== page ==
Tips and stories to add value to you and your organisation
Fairytales all seem to start with…long long ago in a far away land… and so on. Then we get to meet the hero on his horse, the damsel in her tower and the evil damsel-munching monster. If we were to update this opening scene then the hero would be found manicuring his hipster beard, the damsel would be too busy on Snapchat to need rescuing and the monster would be vegan.
I’d like to see Disney make that. And to draw people without exaggerated eyes and impossible waistlines. I live in hope.
Life and business is not a fairytale and we are all free to rescue ourselves, make friends with the monster and to choose a waistline that works for us.
We can all choose our leadership style too. In Belbin’s classic Team Role Types there are really two types of leader.
The Shaper who leads from the front and the Consultant who canvasses opinion and works within a consensus.
I’m naturally a Shaper, off the scale really. This means I’m great at leading a team and charging forwards to get things done. The downside is that I can leave the team behind and forget that people may not have my drive and may need more care and attention. I’ve learned this the hard way and now operate in awareness to keep things moving forwards, whilst being attentive to people. We can all learn and make changes and I love to learn.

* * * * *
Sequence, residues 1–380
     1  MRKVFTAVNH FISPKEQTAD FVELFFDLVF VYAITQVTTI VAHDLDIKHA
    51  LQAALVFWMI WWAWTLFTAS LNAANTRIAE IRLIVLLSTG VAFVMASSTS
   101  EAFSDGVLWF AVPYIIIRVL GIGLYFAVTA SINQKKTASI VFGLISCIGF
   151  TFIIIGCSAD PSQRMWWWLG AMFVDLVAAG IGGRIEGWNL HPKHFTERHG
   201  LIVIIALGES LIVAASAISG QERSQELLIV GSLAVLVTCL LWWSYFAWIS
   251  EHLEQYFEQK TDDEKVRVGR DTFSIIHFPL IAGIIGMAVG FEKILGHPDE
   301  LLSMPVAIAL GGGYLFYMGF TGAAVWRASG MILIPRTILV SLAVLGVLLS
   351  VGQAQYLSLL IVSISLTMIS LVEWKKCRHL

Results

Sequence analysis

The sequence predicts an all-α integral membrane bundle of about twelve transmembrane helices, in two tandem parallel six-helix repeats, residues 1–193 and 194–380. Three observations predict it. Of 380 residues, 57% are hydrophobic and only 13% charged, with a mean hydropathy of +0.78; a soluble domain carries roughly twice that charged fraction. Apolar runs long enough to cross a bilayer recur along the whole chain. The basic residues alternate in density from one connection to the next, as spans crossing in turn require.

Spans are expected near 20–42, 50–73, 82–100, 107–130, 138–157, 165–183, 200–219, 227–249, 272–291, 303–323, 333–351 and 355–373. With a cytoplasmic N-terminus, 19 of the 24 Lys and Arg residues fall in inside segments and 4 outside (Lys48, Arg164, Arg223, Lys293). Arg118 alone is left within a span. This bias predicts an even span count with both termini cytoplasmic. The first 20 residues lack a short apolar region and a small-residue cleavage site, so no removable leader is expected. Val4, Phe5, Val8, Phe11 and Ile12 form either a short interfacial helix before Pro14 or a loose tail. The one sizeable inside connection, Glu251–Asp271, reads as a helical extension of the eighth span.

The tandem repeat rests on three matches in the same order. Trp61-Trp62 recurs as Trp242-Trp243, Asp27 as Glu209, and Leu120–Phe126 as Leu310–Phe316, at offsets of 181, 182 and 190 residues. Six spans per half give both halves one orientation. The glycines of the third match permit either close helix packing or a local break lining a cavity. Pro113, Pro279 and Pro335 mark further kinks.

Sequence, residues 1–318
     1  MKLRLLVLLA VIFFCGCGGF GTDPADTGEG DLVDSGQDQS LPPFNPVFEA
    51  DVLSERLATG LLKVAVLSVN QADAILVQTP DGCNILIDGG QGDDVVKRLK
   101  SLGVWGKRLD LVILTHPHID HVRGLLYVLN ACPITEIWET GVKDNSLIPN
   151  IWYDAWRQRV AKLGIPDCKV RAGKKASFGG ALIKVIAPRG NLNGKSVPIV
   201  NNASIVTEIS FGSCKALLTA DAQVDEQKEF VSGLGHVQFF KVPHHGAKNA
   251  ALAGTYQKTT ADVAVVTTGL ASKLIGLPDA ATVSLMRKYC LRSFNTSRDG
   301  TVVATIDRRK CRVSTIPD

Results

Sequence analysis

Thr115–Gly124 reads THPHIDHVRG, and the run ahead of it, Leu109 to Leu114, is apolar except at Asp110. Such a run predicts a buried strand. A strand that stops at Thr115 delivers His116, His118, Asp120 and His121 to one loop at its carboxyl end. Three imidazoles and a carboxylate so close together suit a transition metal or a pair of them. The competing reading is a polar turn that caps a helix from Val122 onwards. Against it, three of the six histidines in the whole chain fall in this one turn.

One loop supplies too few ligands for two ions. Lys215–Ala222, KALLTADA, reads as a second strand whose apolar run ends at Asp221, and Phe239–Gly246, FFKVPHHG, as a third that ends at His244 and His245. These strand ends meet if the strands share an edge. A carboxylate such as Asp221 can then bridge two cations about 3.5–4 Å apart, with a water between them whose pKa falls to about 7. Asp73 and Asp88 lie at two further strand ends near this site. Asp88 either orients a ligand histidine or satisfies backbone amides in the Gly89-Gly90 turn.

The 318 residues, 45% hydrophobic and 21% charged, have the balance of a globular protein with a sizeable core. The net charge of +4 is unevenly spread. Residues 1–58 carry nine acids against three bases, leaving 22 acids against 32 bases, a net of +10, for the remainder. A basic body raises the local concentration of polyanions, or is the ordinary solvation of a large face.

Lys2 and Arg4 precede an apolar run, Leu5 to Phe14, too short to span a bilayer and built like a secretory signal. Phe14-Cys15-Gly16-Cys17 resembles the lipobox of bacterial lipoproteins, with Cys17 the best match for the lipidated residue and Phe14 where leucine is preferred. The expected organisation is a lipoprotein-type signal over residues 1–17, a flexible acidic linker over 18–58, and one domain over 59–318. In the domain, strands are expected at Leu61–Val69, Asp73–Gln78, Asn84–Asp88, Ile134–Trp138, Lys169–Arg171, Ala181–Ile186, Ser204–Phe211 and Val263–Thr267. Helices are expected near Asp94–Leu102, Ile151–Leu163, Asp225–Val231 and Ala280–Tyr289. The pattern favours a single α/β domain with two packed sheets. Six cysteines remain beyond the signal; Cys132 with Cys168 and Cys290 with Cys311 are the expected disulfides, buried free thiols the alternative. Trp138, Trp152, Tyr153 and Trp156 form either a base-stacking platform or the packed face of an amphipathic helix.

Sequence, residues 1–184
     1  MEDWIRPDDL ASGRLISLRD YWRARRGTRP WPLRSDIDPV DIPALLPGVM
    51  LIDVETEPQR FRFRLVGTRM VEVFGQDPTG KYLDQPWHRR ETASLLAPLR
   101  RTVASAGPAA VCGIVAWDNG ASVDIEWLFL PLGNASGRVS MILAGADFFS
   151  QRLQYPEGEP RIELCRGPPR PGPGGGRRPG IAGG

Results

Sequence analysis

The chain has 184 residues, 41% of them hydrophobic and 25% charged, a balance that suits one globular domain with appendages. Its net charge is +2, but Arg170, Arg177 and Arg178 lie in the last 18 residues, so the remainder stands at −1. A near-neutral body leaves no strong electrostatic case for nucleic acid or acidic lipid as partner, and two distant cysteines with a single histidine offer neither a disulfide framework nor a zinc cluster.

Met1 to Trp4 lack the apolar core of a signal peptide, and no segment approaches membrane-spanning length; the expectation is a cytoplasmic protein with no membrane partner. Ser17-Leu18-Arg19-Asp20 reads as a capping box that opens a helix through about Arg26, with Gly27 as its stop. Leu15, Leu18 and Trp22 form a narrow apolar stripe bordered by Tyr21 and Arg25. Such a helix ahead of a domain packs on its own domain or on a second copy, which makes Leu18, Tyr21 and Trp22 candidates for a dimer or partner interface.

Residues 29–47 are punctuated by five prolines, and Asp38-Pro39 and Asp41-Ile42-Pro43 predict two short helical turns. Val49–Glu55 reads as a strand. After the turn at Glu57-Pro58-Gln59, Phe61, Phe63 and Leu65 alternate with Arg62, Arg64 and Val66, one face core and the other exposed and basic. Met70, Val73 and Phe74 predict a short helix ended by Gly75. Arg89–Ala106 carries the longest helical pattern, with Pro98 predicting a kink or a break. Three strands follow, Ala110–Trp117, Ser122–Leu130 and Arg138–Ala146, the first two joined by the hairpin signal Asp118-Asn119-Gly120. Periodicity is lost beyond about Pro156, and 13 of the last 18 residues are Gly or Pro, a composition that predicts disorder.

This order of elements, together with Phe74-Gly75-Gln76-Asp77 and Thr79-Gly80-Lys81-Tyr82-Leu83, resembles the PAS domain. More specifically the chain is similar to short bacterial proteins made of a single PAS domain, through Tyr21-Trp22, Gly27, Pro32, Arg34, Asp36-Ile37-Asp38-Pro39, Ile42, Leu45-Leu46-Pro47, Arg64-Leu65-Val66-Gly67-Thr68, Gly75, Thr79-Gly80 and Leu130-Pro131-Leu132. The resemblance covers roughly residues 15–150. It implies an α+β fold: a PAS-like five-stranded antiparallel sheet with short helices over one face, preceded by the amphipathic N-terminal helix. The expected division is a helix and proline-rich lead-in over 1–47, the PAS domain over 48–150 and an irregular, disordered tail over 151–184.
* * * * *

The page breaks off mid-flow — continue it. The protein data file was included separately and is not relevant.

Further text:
A consultative leader feels friendly and engaging, but the drawback here is they can avoid taking decisions and prefer to defer to overall opinion. This is great if there’s a complex project that needs to be carefully thought through, but can be frustrating when the business is burning down and someone needs to take charge and organise people in a hurry.
Which sort of leader are you? What would your team say?
There’s also a third type of leader, I’d like to suggest. The Hands-On leader. Someone who will pick up a broom and sweep the floor. Who is seen to be in the business, attending to details and providing juniors with insight and direction.
This type of leader likes to get their hands dirty. They want to know what’s happening on the shop floor and don’t like to live in the boardroom all the time.
There’s value in getting our hands dirty. People see us making a contribution and they feel reassured that the leader is part of the team and is accessible to them.
It’s too easy to get promoted and then spend our days typing strategy documents and getting lost in higher level discussions.
Getting our hands dirty means being a visible and proactive leader, setting tasks and making sure the team are gently driven to achieve organisational goals.
It can also mean being seen with a broom in our hands. We are not too posh to push!
This week we can all think about our leadership style and can find ways to get our senior hands dirty!
Next week: Being Empathic
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